Lawmakers and advocates on both sides of the aisle have lauded the subsidized jobs program in question since its inception last year as one of the only programs that directly does what stimulus programs promise: Creating jobs and infusing money directly into local, struggling economies.
As Chick has spoken to business owners and chambers of commerce around the state about the federal stimulus, she said, often the question comes: “Where’s the money?”
“One of the few really concrete positives for small businesses inside the Recovery Act was the subsidized employment,” she said.
The federal government reimburses 80 percent of county expenditures for the jobs program. Counties around the state have tried different ways of implementing it, like sponsoring summer jobs or part-time employment.
And they’ve gotten creative with how to come up with the 20 percent cost-sharing requirement. Some have paired with United Way chapters or chambers of commerce to find willing employers and get the word out.
It’s hard to know what the program would hypothetically look like in San Diego, or how much the county would be allocated.
But, for example, the county might be able to find a small business that’d laid off its receptionist, and place there a single mom who lost her job and had to apply for welfare.
The federal government would pay the lion’s share of her wage. She’d have a job; the small business would have an employee. It might be enough to get her on her feet and move her off of the welfare rolls. And by the time the money ran out, the business might decide to hire her permanently.
That kind of transition from subsidized to unsubsidized jobs has been happening around the state, said Frank Mecca, executive director of the statewide County Welfare Directors Association.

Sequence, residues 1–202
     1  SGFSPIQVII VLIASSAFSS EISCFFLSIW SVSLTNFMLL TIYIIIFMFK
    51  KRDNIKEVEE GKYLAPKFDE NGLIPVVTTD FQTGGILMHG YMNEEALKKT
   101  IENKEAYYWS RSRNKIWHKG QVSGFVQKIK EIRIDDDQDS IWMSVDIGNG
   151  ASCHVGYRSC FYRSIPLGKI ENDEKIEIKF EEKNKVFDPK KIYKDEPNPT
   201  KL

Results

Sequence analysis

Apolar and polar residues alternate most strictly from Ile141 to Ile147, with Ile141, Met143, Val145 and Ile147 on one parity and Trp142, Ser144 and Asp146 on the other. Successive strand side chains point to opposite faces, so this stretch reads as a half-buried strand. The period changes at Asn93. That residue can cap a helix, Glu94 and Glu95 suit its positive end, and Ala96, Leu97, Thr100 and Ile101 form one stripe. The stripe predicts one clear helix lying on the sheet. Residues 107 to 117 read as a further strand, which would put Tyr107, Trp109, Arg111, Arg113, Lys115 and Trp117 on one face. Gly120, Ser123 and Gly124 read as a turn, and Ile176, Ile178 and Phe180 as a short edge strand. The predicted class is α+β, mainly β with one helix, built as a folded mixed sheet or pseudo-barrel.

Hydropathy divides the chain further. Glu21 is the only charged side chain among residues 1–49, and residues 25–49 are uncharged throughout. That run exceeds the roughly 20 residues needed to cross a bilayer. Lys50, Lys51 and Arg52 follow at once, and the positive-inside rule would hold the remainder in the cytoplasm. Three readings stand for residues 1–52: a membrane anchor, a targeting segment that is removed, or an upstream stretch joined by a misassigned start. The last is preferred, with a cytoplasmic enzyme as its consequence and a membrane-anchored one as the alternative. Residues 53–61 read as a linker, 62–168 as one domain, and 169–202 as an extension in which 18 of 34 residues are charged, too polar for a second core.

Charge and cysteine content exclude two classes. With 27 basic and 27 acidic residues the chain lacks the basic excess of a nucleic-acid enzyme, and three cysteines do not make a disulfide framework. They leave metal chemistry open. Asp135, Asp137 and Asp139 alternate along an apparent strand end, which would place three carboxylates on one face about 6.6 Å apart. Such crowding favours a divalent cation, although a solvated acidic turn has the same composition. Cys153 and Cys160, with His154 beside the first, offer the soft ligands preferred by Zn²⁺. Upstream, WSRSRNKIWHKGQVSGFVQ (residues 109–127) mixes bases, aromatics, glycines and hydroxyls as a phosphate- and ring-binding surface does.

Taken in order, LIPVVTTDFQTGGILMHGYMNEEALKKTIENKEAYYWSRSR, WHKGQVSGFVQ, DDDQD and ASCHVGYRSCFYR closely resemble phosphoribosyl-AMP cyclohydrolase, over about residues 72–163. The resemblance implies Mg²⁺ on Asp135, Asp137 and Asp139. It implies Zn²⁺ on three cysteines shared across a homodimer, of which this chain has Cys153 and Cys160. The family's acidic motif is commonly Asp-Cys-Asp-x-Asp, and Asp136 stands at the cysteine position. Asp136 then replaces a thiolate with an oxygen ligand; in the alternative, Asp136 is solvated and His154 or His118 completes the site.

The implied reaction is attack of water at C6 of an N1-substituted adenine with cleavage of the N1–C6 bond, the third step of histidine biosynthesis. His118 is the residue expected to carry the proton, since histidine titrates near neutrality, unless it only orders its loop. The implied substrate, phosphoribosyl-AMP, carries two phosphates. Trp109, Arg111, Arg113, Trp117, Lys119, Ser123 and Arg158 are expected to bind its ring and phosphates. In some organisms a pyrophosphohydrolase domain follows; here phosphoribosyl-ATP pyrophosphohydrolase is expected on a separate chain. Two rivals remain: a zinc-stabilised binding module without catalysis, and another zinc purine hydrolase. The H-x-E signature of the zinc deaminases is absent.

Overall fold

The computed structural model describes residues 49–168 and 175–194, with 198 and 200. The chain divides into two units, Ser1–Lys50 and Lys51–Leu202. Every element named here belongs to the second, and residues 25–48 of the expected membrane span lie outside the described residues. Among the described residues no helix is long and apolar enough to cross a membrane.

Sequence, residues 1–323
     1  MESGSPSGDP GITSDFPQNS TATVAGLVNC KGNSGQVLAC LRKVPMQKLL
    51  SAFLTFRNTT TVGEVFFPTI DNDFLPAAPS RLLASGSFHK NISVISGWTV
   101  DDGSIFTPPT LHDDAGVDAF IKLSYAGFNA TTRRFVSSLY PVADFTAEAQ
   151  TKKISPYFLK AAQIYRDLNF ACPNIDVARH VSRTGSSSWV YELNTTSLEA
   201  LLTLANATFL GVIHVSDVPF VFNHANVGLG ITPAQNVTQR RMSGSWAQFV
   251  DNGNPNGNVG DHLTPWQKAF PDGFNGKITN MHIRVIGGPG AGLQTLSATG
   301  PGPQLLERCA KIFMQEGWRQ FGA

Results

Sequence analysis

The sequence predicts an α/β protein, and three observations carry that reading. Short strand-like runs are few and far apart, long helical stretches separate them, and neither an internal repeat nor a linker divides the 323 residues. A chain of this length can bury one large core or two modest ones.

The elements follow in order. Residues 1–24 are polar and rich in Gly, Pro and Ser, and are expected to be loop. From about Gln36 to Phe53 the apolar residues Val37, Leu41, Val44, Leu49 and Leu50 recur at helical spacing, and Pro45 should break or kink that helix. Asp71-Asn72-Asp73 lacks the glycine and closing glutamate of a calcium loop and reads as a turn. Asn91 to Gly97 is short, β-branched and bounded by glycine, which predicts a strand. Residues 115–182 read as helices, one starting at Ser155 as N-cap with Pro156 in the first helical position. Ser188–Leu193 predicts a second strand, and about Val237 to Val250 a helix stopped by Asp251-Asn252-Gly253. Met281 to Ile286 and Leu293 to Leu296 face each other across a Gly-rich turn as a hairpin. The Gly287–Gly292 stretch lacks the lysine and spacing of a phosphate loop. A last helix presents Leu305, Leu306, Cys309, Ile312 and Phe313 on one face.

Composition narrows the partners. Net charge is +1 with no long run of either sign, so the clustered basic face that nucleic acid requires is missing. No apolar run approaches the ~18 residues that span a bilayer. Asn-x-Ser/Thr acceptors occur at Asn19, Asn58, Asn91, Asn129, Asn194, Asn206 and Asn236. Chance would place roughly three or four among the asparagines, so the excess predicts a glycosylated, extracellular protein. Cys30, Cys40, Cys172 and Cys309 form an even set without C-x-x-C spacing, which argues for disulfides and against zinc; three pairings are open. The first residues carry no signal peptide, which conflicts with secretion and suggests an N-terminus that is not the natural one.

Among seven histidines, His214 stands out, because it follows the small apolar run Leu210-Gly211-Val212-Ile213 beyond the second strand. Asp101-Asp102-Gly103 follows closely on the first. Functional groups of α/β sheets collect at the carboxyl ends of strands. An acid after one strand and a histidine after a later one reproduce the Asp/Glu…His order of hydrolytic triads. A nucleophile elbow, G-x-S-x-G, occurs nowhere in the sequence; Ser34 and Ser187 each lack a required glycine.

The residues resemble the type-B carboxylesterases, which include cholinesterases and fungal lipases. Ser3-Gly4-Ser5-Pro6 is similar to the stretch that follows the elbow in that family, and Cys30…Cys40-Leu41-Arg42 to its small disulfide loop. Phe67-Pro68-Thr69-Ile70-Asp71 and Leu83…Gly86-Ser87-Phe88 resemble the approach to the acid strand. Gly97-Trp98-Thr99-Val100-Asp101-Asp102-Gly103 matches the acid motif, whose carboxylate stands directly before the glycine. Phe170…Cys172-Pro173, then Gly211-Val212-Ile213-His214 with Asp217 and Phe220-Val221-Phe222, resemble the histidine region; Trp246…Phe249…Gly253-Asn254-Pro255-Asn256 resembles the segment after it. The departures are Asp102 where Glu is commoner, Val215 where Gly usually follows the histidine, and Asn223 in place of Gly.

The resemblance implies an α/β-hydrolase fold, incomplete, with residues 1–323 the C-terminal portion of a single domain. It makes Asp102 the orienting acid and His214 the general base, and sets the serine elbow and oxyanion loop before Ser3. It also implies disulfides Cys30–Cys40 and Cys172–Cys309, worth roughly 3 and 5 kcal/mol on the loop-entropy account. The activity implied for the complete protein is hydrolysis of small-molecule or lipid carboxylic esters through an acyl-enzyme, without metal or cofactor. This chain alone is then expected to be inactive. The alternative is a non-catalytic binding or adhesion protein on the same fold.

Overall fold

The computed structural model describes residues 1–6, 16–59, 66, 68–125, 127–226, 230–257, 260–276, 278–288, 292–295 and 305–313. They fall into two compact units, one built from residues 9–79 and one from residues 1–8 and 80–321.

But it’s a daunting program to run because counties must network with employers to get them on board. Some counties were worried about being audited after spending money upfront without a clear picture of all of the rules that would come with the dollars, Mecca said.
“Counties and states who wanted to push the envelope in terms of subsidized employment were asked to kind of build the plane and fly the plane at the same time,” Mecca said.
Some counties like L.A. and San Francisco already had established programs. But others still applied to launch new relationships with private employers to give people temporary jobs.
The county’s refusal to apply for the funds will be the focus of several meetings and a press conference in San Diego on Thursday led by Voice of California, a nonprofit coalition that has been researching where stimulus funding has been going in the state, especially related to minority and low-income communities.
It’s too late for San Diego County to benefit from this round of funding, which was part of a package of programs that federal lawmakers failed to extend recently. Proponents are hopeful it will still be renewed. In the meantime, the expiry means counties like L.A. that had programs are shutting them down to make sure all of their participants get paid and they get reimbursed by the deadline.
Kirk said San Diego County plans to reconsider using the funds if federal lawmakers renew the program in the future.
Chick said by not pushing the subsidized jobs program — as well as other pieces of emergency aid for the welfare program — the state will be leaving hundreds of millions of dollars on the table that the federal government had allocated for California’s neediest residents. San Diego’s refusal to apply for these funds contributes to that, she said.
“Governor Schwarzenegger hired me because he wanted to make sure the (stimulus) money was spent wisely and well,” she said. “And that included that he didn’t want to see a single dollar being returned or not spent.”